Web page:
One of Israel’s most famous soccer teams, Beitar Jerusalem, has canceled its highly publicized 50 percent sale to a member of the Emirati royal family, an Israeli Football Association committee said Thursday.
Beitar confirmed that it had officially asked to withdraw its request to approve the deal, but said the sale has just been postponed, not canceled altogether.
Beitar’s owner, Moshe Hogeg, has faced backlash from notoriously racist anti-Arab factions of the club’s fanbase after he sold a 50 percent stake in the club to Sheikh Hamad bin Khalifa Al Nahyan, a member of Abu Dhabi’s ruling family. Al Nahyan pledged to pump $90 million into the team in the coming decade.
But Israel’s soccer association conducted an investigation that found a potential “significant gap” between Al Nahyan’s declared capital and what he owns in reality, business news website The Marker reported last month.
In a Thursday statement, Beitar Jerusalem said that the request to approve the deal, a move required by the Israel Football Association for it to go ahead, had only been withdrawn due to a bureaucratic delay involving documents requested of Al Nahyan.
“Following the request of the [Israeli Football Association’s] Transfer Committee for more documents and in the hope of advancing the deal, the owner of the club, Moshe Hogeg, had intended to take off for Dubai in order to meet with Sheikh Hamad bin Khalifa Al Nahyan,” the club said. “Unfortunately, the airport is still closed and instead of asking for another extension we preferred to withdraw the current request and submit a new request.”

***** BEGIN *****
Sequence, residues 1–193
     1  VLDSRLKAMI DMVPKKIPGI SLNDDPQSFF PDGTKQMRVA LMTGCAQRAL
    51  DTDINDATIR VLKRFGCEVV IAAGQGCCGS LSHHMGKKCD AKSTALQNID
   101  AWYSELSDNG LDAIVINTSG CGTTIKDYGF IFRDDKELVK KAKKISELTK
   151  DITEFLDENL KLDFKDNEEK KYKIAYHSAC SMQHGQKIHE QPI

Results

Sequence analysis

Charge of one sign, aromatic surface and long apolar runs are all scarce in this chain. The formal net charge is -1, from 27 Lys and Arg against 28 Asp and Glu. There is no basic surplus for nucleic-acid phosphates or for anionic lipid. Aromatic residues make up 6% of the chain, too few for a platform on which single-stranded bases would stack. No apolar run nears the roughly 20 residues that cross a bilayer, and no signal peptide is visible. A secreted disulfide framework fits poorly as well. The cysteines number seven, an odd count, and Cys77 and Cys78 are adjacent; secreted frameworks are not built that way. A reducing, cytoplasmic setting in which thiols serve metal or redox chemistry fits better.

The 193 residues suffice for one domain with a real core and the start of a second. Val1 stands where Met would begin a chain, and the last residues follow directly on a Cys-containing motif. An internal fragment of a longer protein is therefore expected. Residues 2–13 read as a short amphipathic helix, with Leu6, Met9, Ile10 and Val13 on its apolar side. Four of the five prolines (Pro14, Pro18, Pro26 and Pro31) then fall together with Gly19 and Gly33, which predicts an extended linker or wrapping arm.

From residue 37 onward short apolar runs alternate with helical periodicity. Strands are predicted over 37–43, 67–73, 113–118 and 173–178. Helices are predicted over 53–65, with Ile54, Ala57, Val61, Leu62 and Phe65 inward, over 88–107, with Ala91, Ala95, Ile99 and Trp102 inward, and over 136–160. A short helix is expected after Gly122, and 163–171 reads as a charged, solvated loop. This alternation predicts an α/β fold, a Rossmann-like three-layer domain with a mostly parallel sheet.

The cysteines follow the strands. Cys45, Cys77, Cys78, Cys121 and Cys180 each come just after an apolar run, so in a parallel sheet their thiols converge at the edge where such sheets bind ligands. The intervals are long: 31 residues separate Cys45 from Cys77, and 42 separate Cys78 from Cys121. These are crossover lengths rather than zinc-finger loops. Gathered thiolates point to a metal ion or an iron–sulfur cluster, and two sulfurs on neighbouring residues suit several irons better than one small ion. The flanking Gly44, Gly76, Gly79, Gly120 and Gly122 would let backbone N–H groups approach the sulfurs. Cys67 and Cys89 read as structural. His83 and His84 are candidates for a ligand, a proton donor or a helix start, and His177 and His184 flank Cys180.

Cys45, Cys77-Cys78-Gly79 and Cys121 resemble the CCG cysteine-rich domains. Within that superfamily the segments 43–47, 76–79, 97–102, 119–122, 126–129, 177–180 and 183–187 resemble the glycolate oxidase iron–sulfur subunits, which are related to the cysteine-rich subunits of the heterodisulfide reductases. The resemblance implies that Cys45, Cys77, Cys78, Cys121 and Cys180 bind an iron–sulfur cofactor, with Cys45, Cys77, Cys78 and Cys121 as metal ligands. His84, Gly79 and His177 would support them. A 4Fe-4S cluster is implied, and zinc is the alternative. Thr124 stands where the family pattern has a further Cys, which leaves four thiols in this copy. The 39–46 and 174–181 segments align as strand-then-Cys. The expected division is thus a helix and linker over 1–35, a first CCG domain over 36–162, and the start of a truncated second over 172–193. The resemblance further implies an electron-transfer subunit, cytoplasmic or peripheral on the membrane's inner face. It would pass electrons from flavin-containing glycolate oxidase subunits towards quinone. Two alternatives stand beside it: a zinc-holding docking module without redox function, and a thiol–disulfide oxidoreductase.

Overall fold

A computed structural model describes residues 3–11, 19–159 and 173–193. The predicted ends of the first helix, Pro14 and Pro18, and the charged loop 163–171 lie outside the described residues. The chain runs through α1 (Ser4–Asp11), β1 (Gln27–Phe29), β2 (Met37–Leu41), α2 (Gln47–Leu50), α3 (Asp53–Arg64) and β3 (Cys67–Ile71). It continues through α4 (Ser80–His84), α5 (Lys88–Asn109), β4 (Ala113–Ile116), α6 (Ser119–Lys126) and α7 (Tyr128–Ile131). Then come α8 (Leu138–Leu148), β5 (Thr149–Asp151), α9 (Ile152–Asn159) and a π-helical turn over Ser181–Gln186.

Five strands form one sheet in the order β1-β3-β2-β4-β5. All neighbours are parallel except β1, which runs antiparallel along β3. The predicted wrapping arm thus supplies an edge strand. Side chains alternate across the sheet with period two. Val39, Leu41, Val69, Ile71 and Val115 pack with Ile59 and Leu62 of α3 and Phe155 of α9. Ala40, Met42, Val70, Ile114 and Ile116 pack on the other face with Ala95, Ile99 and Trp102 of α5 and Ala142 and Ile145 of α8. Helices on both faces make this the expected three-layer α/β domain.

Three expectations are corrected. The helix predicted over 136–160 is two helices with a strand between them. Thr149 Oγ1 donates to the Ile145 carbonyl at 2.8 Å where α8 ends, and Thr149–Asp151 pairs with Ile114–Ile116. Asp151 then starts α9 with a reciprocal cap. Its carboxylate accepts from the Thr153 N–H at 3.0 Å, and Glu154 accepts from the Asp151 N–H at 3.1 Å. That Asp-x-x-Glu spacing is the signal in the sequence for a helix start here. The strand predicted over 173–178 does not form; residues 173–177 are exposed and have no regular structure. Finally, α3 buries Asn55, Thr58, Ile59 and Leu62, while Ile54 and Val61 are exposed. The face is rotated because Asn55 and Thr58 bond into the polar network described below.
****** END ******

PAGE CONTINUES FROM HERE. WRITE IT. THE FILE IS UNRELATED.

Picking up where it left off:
“The reports that the deal fell through are incorrect,” the statement insisted.
But the Israel Football Association investigation into Al Nahyan, conducted by the Megiddo financial investigations company, reportedly concluded that the sheikh owns dozens of inactive firms and is allegedly connected with businessmen involved in fraud and money laundering.
The main reported finding was that out of Al Nahyan’s stated wealth of $1.6 billion, $1.5 billion is non-tradable bonds belonging to the Venezuelan government, which economists estimate to be useless due to the South American country’s grave economic crisis.
Additionally, other assets declared by the businessman have allegedly turned out to be worth far less in reality.
Beitar and Hogeg had insisted that the deal was kosher.
At an online press conference in Dubai in December announcing the sale, the sheikh said his involvement with Beitar was “pure investment on a personal level.” In response to a Times of Israel question, he said he used his own funds for his share in the club, rather than gathering money from other investors.
Asked by The Times of Israel how he fits into the Emirati royal family, he replied: “If you need more information about myself you can have it on the web, there is Wikipedia that explains everything about myself.”
The page, however, was only a few days old and contained only rudimentary information about the sheikh.